• HT-B Truck

  • Discussion of Electro-Motive locomotive products and technology, past and present. Official web site can be found here: http://www.emdiesels.com/.
Discussion of Electro-Motive locomotive products and technology, past and present. Official web site can be found here: http://www.emdiesels.com/.

Moderator: GOLDEN-ARM

  by Engineer Spike
I have wondered what EMD was trying to accomplish with this design? Why did they go back to the Blomberg design?
  by Allen Hazen
Well, the "HT" in the designation probably stands for "high traction." The HT-B truck was used on 3500 hp BB prototypes at a time when many railroads thought even 3000 hp needed six axles (witness the popularity of the SD40-2 versus SD45-2). So, at a guess, the new truck design offered higher adhesion. It might be interesting to compare it to Alco's Hi-Ad and to the MLW "ZWT" (zero weight transfer) and GE's FB-2 designs. My suspicion is that in each case the point at which tractive effort was transferred to the body of the locomotive was lower-- closer to axle level-- than in earlier designs used by the same builder (I know this is the case with Alco's Hi-Ad; I think GE's FB-2 is similar in principle to the Hi-Ad, substituting a more easily maintained stack of elastomeric and metal plates for the Alco design's coil springs), thereby reducing the weigh transfer that tends to unload the leading axle.

Why wasn't it adopted more widely? Technological advance in locomotives was painfully slow in that era: the main railroads were very conservative in what they would order. Something NEW, something that would involve NEW SPARE PARTS INVENTORY, even if clearly somewhat better than the existing (Blomberg with extra shock absorbers) design, would be passed up. So: maybe the HT-B turned out not to be very much better than the Blomberg, maybe it was more expensive, but I suspect it might have been the market flop it turned out to be even without drawbacks like these. (Compare: the HT-C truck introduced on six-axle Dash-2 designs was supposed to improve adhesion by reducing weight transfer as compared to the older Flexicoil truck. But one major railroad-- Conrail-- insisted on having its SD40-2 and even its initial orders of SD50 built with the old truck.)

(((Question I don't know the answer to: could HT-B and Blomberg trucks be interchanged, or did they require differences in the locomotive underframe? If the latter, there would be an additional motive for conservative motive power authorities in purchasing railroads to stick to the older design.)))
  by bogieman
I posted this about 3 years ago on Trainorders.com:

"The HTB was a great advance in weight shift compared to the GP swing hanger truck - the weight shift within the truck was nearly zero under adhesion whereas the GP is pretty bad. However, the advent of super series wheel slip control pretty much eliminated the need for a zero weight shift truck. That, combined with the increased cost of the truck and the underframe mods it required, caused its early demise. I am confident the ride would have been fixed if there were enough of them out there. In principle, it has softer primary springs then the GP and more deflection in the secondary as well compared to the GP with compression rubber springs, the standard at the time. I suspect the lateral stiffness of the secondary chevrons was the source of the rough lateral ride, but with some tweaking of the chevron angle, that could have been reduced. But the GP with its swing hangers is about as soft laterally as practical, and the +/- 2.25 inches travel to the secondary suspension stops is huge by comparison to other trucks. I'm not sure what profile wheels the GP40X's were delivered with but when used to pull passenger trains it was recommended they change the profile to 1:40, as used on the F40PH, to limit hunting.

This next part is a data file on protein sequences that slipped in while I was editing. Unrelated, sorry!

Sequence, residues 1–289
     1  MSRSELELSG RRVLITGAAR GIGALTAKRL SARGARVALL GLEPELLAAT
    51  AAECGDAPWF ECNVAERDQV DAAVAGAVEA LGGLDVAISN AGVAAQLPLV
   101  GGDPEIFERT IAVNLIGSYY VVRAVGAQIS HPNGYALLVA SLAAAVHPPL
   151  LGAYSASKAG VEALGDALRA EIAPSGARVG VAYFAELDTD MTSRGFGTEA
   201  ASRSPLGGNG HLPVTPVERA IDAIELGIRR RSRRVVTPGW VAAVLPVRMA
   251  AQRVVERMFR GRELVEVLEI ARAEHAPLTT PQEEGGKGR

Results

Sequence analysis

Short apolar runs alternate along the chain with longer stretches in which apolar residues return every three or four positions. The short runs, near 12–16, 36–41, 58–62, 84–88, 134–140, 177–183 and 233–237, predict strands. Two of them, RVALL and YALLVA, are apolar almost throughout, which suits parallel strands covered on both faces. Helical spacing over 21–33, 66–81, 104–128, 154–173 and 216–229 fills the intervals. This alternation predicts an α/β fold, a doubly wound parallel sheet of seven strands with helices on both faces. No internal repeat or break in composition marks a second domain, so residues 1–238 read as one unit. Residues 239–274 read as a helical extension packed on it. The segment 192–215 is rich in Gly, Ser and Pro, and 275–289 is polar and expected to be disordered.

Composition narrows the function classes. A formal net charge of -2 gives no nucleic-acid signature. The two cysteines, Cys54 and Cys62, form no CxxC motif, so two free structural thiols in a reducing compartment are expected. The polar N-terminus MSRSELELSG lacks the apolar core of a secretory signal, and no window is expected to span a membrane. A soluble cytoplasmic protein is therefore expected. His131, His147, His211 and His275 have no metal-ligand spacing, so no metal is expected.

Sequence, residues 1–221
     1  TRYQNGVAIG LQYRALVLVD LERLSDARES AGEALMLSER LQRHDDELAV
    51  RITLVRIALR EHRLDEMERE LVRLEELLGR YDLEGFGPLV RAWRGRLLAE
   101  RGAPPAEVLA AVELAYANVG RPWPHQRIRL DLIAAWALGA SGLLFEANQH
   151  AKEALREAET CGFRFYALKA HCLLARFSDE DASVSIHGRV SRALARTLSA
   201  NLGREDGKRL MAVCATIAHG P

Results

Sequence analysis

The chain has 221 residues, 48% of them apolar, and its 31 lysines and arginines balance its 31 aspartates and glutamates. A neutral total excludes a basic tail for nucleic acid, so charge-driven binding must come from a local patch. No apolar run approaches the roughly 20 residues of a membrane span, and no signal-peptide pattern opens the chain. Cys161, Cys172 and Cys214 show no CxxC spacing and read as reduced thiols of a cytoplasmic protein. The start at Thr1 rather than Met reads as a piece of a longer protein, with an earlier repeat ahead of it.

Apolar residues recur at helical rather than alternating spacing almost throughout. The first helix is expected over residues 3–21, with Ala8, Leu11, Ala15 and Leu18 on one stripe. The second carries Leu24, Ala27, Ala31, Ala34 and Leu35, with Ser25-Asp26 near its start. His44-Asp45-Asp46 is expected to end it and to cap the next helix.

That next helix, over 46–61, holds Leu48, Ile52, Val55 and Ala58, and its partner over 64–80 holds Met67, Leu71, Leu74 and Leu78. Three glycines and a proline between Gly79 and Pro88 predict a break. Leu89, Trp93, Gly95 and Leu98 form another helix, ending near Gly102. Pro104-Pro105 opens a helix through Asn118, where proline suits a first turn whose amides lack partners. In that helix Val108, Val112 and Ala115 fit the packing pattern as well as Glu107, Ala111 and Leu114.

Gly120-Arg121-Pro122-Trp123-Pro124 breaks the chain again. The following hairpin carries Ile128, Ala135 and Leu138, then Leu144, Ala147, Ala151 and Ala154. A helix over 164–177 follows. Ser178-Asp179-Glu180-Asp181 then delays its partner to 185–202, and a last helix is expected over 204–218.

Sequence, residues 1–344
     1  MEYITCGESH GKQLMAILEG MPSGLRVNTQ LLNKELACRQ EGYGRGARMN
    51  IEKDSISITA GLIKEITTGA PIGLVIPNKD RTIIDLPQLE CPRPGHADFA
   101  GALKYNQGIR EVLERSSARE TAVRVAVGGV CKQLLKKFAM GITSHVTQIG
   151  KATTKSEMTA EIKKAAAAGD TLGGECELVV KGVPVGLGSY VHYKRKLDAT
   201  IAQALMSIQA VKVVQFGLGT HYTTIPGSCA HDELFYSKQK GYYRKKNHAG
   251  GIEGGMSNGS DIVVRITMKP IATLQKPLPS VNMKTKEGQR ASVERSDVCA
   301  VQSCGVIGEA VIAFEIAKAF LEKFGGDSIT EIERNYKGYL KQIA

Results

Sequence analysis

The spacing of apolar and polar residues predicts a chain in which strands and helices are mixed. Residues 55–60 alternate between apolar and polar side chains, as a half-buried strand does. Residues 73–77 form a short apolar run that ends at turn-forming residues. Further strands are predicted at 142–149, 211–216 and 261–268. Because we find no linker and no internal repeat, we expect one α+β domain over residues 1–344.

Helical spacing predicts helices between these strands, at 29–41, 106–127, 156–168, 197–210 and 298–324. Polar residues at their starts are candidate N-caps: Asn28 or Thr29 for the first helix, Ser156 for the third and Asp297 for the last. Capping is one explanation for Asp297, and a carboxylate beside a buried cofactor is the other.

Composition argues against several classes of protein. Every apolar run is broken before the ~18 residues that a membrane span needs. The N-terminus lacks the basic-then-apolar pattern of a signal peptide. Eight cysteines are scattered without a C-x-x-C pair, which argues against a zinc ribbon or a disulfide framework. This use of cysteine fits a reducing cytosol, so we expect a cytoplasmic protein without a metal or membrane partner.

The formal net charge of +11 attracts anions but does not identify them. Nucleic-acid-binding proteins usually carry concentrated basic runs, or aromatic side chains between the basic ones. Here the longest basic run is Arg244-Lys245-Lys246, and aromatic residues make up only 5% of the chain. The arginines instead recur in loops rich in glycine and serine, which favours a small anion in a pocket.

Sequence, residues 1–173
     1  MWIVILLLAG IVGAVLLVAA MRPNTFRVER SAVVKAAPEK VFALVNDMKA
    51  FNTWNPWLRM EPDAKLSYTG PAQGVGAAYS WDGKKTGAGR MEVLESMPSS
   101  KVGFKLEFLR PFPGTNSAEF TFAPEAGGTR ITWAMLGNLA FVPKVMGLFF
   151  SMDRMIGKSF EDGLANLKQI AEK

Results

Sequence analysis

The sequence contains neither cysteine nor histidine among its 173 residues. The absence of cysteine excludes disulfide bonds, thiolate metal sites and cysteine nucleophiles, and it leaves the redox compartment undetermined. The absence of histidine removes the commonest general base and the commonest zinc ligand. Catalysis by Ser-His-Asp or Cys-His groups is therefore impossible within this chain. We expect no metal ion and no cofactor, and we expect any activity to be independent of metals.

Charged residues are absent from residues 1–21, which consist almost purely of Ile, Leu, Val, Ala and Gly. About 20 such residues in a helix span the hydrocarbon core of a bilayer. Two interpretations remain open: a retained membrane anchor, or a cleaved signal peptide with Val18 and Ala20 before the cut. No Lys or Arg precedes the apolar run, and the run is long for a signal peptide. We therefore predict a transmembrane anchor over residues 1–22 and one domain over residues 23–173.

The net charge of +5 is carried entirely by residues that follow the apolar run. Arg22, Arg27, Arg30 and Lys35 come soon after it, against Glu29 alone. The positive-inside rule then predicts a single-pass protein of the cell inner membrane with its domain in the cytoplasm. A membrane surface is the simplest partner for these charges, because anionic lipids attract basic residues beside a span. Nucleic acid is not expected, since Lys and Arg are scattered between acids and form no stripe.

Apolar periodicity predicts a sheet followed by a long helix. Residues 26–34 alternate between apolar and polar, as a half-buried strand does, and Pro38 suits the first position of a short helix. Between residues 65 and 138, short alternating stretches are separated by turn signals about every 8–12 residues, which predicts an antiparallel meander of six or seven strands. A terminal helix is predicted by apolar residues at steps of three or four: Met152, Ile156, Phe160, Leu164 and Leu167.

Incidentally, in 1984 the only remaining spare HTB frame in LaGrange was used to fabricate the first prototype of a radial truck, which eventually led to the HTCR truck."

The HTB had rubber secondary springs placed on an angle that focused their reaction at rail level, not much different in principle than the ZWT truck. It did require a different underframe as it used a larger centerbearing than the GP swing hanger truck which was mounted at a lower height relative to the rail, about 28" or so above the rail. And the bottom plate had to be higher because of the increased travel primary springs which were the same as the HTC used. Head to head adhesion testing on the GP40X lococ, half of which were built with GP trucks showed no advantage to locomotive adhesion although there was less difference in tractiion motor currents. EMD was also doing a good business at that time with locos built with trade-in trucks so those things conspired to kill the truck.